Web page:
Meet the Unit that Brings the Information Revolution to the IAF

The Kramim Department works alongside units which utilize artificial intelligence for various missions, and the collaborative work creates groundbreaking initiatives which place the Israeli air force at the technological forefront

Photo: Alexandra Aksyutich / IAF website

The Kramim (Hebrew for "Vineyards") Department of the IAF's Cyber & Computing Unit deals with intelligence collection, research and showcasing of operational conclusions on a daily basis, all meant to improve the air force by utilizing artificial intelligence.

"A main part of artificial intelligence research is making the most of the available knowledge through various resources," Maj. Zahi, Commander of the Kramim Department said in an interview with the IAF website. "That means we produce data from several knowledge systems, and from this new wealth of information we are able to reach operational conclusions. For example, the systems of a fighter jet returning from a sortie are full of digital data – we can then combine this data with the data from control systems, intelligence systems and the likes. Knowledge is power, and the more information we have, the more we can improve our wartime capabilities."

As part of the information revolution, an electronic data pool was established in the IAF where data from numerous sources in the force – including air defense systems, RPAVs (Remotely Piloted Aerial Vehicles) and more – is stored. The data is transferred independently and acts as an archive for the force's service members. "In the past, people would sit down with their notepads and write – now, computers do it for us. We have the ability to establish past, current and future overviews of a given area in the battlefield," said Maj. Zahi. "This is a major trend. High-tech and aerospace industries all around the world working in these fields."

The Kramim Department works alongside units which utilize AI for various missions. The collaborative work creates groundbreaking initiatives which place the Israeli air force at the technological forefront. "We work with service members from the IAF Operational HQ, including personnel from decryption units and munitions departments," elaborated Capt. A., Head of the Kramim Department's Operative Data Science team. "Everyone wants artificial intelligence in their systems nowadays, but our resources are limited. Collaborative work requires us to talk to the units we work with in order to configure our technology according to the missions at hand. People understand that not upgrading your systems is equal to regression," she added.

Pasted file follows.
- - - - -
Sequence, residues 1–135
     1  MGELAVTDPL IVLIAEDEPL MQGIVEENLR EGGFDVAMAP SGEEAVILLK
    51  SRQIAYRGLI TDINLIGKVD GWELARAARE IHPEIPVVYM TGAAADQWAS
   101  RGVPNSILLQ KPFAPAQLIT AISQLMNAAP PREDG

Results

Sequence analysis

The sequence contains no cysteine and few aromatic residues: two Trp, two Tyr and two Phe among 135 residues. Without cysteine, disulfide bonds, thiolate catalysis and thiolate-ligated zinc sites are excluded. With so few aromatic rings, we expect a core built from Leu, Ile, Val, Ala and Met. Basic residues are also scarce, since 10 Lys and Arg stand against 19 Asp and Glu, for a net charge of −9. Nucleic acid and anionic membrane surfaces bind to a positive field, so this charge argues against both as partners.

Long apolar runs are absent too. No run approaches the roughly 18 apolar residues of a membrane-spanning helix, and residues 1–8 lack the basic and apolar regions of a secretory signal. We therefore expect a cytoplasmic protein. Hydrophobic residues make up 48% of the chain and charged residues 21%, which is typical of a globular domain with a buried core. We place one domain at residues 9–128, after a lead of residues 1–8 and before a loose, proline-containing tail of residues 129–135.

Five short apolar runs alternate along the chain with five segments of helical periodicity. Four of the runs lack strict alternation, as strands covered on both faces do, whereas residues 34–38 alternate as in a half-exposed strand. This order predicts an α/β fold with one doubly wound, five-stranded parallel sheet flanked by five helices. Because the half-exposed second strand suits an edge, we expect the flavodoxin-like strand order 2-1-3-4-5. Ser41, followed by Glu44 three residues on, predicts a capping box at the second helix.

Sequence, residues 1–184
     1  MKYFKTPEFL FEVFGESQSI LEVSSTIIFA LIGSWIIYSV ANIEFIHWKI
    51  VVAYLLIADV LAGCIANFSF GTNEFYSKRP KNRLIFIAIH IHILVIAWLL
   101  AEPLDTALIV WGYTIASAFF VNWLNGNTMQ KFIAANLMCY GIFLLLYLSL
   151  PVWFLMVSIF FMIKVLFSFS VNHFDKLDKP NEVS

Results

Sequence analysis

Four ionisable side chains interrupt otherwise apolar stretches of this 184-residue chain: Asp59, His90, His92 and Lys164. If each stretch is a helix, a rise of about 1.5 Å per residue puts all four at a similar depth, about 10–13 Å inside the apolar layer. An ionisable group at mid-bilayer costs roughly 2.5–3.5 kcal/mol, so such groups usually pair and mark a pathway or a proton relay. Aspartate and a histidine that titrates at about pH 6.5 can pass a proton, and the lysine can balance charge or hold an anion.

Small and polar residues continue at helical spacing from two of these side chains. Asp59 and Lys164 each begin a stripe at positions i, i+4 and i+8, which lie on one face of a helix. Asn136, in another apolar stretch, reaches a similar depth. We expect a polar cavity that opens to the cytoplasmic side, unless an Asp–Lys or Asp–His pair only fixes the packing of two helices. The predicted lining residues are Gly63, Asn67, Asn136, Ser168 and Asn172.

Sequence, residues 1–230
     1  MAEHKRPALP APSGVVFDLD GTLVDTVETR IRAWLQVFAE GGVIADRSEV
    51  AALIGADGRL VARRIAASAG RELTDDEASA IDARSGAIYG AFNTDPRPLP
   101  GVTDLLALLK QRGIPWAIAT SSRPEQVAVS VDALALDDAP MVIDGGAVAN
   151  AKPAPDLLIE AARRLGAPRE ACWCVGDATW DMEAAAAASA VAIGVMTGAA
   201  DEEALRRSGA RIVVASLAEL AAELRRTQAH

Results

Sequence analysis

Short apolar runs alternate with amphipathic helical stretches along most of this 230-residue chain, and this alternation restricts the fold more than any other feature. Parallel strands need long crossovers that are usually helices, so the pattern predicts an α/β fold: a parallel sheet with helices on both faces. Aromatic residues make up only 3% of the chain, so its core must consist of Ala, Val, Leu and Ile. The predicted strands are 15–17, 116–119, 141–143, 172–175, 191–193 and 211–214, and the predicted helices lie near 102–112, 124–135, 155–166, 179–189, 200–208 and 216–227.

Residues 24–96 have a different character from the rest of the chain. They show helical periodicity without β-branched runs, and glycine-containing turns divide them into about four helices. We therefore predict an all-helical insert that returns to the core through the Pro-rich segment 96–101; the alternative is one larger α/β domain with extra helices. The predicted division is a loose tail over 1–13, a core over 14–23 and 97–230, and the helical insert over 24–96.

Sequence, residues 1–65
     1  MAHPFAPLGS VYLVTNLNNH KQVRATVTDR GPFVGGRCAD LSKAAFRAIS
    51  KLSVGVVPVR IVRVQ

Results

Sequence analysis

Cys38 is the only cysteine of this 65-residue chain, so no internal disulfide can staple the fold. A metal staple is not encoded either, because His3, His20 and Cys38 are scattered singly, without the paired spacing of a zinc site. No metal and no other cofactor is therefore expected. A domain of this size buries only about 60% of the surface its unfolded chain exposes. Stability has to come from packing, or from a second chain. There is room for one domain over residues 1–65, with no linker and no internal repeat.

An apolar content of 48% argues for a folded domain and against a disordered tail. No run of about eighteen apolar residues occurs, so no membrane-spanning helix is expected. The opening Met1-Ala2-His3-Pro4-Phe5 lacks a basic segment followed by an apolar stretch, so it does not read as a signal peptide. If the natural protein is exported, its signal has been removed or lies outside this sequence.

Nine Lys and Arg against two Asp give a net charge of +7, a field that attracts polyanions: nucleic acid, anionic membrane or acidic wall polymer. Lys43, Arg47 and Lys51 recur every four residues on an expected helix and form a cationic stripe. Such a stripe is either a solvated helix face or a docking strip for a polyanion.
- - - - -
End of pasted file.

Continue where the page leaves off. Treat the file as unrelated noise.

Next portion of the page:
The department's artificial intelligence capabilities stand behind a wide variety of the force's enterprises. "The 'Transparent Maintenance' initiative utilizes AI which notifies the force's technicians about potential future malfunctions so that they can replace them before the malfunction occurs. This includes aircraft parts, engines, and even specific screws," said Capt. A. "We also utilized AI in aerial reconnaissance. RPAV operators usually need to pilot their aircraft over an area and wait for something to happen. Thanks to our technology, we are able to provide them with AI to do the overseeing for them."

Whenever technology stands against human capability there develops a certain kind of tension, where suddenly the concept of a "technological takeover" sounds not only scary, but also possible. Now, the IAF's service members have to face the question – where does the line between human intelligence and artificial intelligence cross?

"I'll begin with an example from the field of medicine," said Maj. Z. "There's a famous story about a family doctor who took in a patient with several symptoms. In the past, each doctor would analyze the symptoms by himself and come up with a prognosis, but in cases where the prognosis was not certain, additional tests were needed, then costing the patient valuable time. Then, the same doctor would input the symptoms into an AI-based system, which would provide the doctor with several potential prognoses. The doctor saw diagnoses he didn't even think about. The system did not make the decision for him, but it was based on both old and new information while also making suggestions. This kind of thing now happens in the IAF as well."

The IAF's AI systems are termed "decision supporters." With safety and human lives at hand, computerized systems cannot be trusted by themselves. "We will never let a machine operate without supervision – someone has to examine and verify the data over time," continued Maj. Z. "It's important to remember that technology isn't here to replace man-made decisions. It is here to support human decision-making and present the entirety of the available data in an organized, coherent manner. This technology signifies a change in the world, with the computer revolution leading to insights never reached before by the human mind. There are things that would take humans years to analyze while machines would take mere hours."

"Humans often work according to hunches, for better and for worse. Sometimes we do things that are the opposite of what we know to be right because we are driven by emotion. We want to believe we're better than machines, but that's not always true," said Maj. Z. "Also, we sometimes become enslaved to technology and lose our human nature. However, at the same time, machines provide us with accurate, objective results."


First published by Yael Fuchs on the IAF website

Photography: Alexandra Aksyutich